History Is a Great Teacher

It can be easy to boil overall industry utilization to single number, but you shouldn’t.

UAW workers assemble a Jeep Grand Cherokee 4xe in 2023 at Stellantis’ Detroit Assembly Complex-Jefferson. (Stellantis)

History is a great teacher. There are lessons from the past that we should never forget. Lessons that are often the difference between success and failure in business. In the auto industry, some of the oft-forgotten constructs are capital intensity and long lead times. History’s lesson is that optimizing capacity utilization and flexibility are core to survival.

Back in 1989, this author worked on the first detailed compilation of a North American light vehicle production capacity study. Researching the JPH (jobs per hour), shift structures and labor constraints in addition to each plant’s production capacity was ground-breaking. At the time, it was becoming apparent that the Detroit Three's North American production was being augmented by Asian OEMs locating new capacity (solely or through joint ventures). As the domestic players were losing market share, adding capacity was going to pressure profitability. Understanding utilization rates by each OEM and vehicle build structure (unibody vs. full frame) was key to early identification of emerging issues.

Many vehicle and powertrain facilities closed before and after the 2009 GM and Chrysler bankruptcies. Iconic though underutilized facilities such as Chrysler-St. Louis, Ford-Twin Cities, GM-Shreveport and more were taken offline. The ability to strengthen the core and ensure any capital investment was better focused on raising productivity and manufacturing flexibility was key.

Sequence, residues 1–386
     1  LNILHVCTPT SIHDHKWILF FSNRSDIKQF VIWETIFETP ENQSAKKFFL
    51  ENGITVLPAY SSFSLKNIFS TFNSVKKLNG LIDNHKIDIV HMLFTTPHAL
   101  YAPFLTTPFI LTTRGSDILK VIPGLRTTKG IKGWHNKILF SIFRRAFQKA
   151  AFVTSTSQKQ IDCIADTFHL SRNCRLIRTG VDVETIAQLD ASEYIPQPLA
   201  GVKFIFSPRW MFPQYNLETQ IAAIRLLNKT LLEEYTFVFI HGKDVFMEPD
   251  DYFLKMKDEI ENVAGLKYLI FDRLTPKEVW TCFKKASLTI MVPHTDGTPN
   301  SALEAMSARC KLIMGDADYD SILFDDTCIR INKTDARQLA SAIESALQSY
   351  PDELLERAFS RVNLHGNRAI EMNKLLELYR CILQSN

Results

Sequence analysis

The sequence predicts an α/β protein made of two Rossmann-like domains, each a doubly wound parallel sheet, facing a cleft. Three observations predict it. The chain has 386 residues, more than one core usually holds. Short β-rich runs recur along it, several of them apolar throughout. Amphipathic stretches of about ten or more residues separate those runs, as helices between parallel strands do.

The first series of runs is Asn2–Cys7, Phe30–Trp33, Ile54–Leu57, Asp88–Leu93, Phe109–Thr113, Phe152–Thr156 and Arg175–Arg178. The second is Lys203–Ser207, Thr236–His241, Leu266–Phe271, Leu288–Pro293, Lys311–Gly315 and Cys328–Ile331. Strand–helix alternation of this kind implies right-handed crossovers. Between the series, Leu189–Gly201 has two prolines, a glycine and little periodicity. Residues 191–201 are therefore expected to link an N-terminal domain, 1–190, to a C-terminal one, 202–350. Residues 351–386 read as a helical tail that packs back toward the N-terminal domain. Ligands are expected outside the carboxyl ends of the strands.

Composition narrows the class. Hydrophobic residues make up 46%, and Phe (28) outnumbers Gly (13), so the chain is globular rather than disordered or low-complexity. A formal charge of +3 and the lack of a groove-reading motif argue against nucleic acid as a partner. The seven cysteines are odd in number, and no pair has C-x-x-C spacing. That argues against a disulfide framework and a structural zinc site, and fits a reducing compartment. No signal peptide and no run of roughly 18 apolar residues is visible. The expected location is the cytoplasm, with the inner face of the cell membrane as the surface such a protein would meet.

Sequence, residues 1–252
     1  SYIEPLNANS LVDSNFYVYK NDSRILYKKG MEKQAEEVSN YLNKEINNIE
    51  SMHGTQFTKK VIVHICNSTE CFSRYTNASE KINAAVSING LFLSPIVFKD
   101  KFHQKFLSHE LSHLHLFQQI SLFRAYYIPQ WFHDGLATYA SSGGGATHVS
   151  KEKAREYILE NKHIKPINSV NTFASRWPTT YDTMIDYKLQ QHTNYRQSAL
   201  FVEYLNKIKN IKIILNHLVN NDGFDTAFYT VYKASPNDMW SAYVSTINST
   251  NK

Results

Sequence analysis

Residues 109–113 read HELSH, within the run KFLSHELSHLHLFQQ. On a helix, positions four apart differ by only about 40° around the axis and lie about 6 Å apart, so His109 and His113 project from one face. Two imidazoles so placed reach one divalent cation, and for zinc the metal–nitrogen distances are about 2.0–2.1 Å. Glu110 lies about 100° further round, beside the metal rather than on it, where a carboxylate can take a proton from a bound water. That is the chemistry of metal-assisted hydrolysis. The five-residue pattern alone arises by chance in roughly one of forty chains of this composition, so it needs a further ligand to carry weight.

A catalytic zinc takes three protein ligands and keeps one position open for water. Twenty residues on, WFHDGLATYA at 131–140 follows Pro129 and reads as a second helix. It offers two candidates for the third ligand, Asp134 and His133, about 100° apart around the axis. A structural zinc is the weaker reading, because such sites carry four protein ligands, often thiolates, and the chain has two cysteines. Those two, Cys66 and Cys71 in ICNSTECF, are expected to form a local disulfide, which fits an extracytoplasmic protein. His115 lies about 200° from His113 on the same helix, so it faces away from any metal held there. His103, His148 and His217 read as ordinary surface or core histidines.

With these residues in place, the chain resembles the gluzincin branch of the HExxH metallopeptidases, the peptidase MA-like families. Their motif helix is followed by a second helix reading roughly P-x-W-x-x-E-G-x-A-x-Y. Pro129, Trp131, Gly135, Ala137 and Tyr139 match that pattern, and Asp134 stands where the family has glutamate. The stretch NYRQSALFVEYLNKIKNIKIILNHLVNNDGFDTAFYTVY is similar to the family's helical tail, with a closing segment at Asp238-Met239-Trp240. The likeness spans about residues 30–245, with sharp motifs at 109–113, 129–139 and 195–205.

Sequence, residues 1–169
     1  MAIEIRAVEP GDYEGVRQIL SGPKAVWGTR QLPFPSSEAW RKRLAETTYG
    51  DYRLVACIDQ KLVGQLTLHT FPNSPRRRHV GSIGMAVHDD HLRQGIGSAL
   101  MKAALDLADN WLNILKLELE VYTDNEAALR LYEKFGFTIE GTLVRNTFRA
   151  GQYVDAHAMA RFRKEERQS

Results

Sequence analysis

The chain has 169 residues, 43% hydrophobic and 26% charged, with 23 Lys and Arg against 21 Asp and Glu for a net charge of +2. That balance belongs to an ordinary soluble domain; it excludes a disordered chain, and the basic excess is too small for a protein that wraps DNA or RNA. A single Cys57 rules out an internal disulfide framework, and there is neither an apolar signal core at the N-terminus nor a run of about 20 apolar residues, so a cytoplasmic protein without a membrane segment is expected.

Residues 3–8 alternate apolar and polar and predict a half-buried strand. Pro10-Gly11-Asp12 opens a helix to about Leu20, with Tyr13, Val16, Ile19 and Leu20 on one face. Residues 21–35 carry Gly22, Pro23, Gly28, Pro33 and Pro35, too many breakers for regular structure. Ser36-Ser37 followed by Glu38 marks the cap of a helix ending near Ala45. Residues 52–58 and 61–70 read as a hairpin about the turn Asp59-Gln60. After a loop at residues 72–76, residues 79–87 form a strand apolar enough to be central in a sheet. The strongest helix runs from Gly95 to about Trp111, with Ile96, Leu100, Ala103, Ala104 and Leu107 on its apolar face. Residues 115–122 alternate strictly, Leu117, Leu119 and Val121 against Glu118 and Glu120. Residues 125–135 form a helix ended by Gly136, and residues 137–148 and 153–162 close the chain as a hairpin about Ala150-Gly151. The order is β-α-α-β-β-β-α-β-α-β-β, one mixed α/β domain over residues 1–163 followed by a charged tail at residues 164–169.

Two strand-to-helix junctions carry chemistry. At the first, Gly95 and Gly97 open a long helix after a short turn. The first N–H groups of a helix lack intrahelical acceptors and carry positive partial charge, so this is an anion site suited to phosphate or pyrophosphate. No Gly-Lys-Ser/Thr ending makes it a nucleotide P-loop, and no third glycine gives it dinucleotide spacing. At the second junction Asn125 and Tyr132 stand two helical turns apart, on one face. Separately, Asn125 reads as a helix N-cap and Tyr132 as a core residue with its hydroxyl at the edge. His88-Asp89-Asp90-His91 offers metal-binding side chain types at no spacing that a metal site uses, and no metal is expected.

Rising demand and the ability to employ three-shift and three-crew setups allowed OEMs to improve productivity with fewer facilities. The chart below utilizes the SP Global Mobility North American Light Vehicle Production Forecast to understand utilization rates. Examining capacity utilization at a normalized level (assuming the highest possible line rate of two shifts and five days per week), levels eclipsing 100% were reached over the last decade. Additionally, higher capacity utilization enabled the industry to focus elsewhere, placing utilization concerns on the back burner. Several years of record production levels of over 17 million units diverted our attention.

The onset of COVID-19, chip scarcity and other supply-driven constraints lowered capacity utilization., cratering utilization rates to the point where they have not yet rebounded to pre-2020 levels. As the industry invests billions to electrify vehicle portfolios, capacity utilization will face new challenges.

It can be easy to boil overall industry utilization to single number. The reality is that beneath the topline, OEMs are often dealing with capacity focused solely on BEVs or ICE propulsion offerings or unibody versus full-frame architectures with little to no ability to flexibly build these in the same facility. As fleets are electrified, it may not be cost-effective to build extreme manufacturing flexibility into every facility. Unless the industry fully understands the rate at which the fleet will transition to BEVs, which seems unlikely, capacity utilization will be in a trough for years to come. It’s yet another unintended consequence of electrification.

As this lumpy transition continues, winners and losers will emerge throughout the value chain. From OEMs on down through the supply tiers, this ongoing production imbalance will lower overall industry utilization and drive winners and losers. With the high production levels from the past behind us, volume will not mask this issue. We’ll need to get used to low utilization rates and the resulting impact on OEM competitiveness, their suppliers and the viability of others in the ecosystem.